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Interesting Facts About the Washington Monument

2013-06-02   Views:12

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The Washington Monument looms tall above the nation's capital and was put in place to honour the "father of his country," George Washington. The Continental Congress voted in favour of erecting a statue in honour of Washington as early as 1783. Finan

Interesting Facts About the Washington Monument

The Washington Monument looms tall above the nation's capital and was put in place to honour the "father of his country," George Washington. The Continental Congress voted in favour of erecting a statue in honour of Washington as early as 1783. Financial restraints and the unforeseen needs of a growing and changing country, however, delayed its completion for many years. The finished product stands as a reminder of how Washington helped shape the nation.

History

Following the initial 1783 resolution by the Continental Congress to build a tribute to Washington, the project was quickly sidelined due to a lack of funds. The original statue concept was an equestrian statue of Washington. Upon the former President's death in 1799, there was renewed fervour to create a statue in his honour. Money was still an issue for the fledgling nation, and disagreements took place over the statue design and location. Finally, in 1832, as the 100th anniversary of Washington's birth approached, the newly formed Washington National Monument Society set about raising funds for the statue. In 1836, architect Robert Mills won the commission for the project.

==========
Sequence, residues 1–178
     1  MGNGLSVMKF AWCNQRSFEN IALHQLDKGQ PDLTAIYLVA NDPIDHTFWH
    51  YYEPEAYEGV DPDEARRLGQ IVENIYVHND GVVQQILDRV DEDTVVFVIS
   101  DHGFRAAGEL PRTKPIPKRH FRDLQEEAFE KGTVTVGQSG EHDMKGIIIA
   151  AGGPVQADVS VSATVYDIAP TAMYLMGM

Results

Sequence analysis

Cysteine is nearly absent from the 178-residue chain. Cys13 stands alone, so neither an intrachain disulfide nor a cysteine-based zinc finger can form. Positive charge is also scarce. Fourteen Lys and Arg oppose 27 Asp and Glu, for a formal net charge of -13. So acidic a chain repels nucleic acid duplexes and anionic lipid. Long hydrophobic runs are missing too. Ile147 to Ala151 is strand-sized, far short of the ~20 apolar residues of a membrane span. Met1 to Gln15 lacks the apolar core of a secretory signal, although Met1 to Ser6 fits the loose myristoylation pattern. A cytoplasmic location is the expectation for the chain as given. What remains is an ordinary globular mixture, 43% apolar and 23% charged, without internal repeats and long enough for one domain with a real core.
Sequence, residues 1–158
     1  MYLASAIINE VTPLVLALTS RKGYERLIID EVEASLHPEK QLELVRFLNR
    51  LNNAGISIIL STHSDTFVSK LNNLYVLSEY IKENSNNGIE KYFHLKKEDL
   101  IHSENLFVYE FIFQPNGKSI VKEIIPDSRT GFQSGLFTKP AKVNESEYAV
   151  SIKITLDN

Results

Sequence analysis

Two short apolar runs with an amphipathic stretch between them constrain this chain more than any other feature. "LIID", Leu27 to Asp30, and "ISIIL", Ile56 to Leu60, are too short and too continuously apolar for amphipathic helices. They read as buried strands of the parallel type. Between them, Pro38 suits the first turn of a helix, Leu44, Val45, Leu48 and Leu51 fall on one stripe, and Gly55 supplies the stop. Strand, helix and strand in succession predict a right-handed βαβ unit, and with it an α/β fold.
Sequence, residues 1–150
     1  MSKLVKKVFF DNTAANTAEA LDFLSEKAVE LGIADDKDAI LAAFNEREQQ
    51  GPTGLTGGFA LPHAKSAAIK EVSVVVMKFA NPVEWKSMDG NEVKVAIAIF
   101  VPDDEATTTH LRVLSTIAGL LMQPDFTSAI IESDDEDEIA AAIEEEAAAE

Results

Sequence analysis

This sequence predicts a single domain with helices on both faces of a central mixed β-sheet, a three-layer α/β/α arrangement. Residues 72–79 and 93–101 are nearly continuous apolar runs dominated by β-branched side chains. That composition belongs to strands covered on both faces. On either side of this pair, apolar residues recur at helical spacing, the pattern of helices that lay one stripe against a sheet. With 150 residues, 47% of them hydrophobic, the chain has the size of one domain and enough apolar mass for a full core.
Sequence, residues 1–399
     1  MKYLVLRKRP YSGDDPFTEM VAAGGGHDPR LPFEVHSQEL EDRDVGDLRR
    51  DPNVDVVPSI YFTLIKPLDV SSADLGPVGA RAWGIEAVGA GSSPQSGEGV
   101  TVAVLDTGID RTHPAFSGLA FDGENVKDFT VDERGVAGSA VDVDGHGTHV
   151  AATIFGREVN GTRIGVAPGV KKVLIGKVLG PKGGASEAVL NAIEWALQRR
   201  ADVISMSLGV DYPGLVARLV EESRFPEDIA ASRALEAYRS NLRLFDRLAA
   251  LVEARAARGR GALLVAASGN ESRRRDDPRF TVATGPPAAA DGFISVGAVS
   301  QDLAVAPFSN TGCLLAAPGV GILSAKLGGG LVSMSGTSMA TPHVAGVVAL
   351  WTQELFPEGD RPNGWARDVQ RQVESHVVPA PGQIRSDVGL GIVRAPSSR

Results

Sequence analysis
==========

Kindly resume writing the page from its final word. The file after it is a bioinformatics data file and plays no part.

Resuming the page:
Construction

Mills had a concept for a 600-foot tall obelisk which tapers at the top and is four-sided. Mills also planned for a circular colonnade at the base with statues of Washington and 30 other Revolutionary War heroes. His estimated budget was 1 million dollars, an exorbitant sum for the time. By 1848, the society had raised just £56,550 and construction began for only the obelisk, with no plans for the colonnade. They asked the individual states to donate stones to be included in the monument's walls. In 1855, funding dried up and the project was halted. Construction resumed in 1879 and was finally completed in 1884. The monument opened to the public in 1888.

Dimensions and Materials

When construction resumed in 1879, the U.S. Army Corps of Engineers stepped in to help ensure the safety and stability of the massive monument. They decided the monument's foundation could not support the intended 600-foot height and built it to a height of 550 feet instead. At the time of its completion it was the world's tallest building, and remains the world's tallest stone structure and the tallest building in Washington D.C. The monument's base measures 55 feet 1 ½ inches in width. It contains 36,491 blocks, with marble on the exterior walls and the blocks donated from the states and territories lining the interior walls. It is topped with an aluminium tip that acts as a lightning rod.

Visiting the Monument

The monument is open to visitors every day of the year with the exception of July 4th and Christmas Day. It closes at 5 p.m. daily in winter and remains open until 10 p.m. in summer. The structure is free to tour, but does require a ticket. Inside the monument are an elevator and a staircase with 987 steps. The Washington Monument is part of a park system that is overseen by the National Park Service. It is included in the National Mall and Memorial Parks. In addition to the National Mall and the Washington Monument, the area is home to the Lincoln, Jefferson and Vietnam Memorials, among others.

Interesting Facts About the Washington Monument

Interesting Facts About the Washington Monument

Category:HomeRelease time:2013-06-02Views:130

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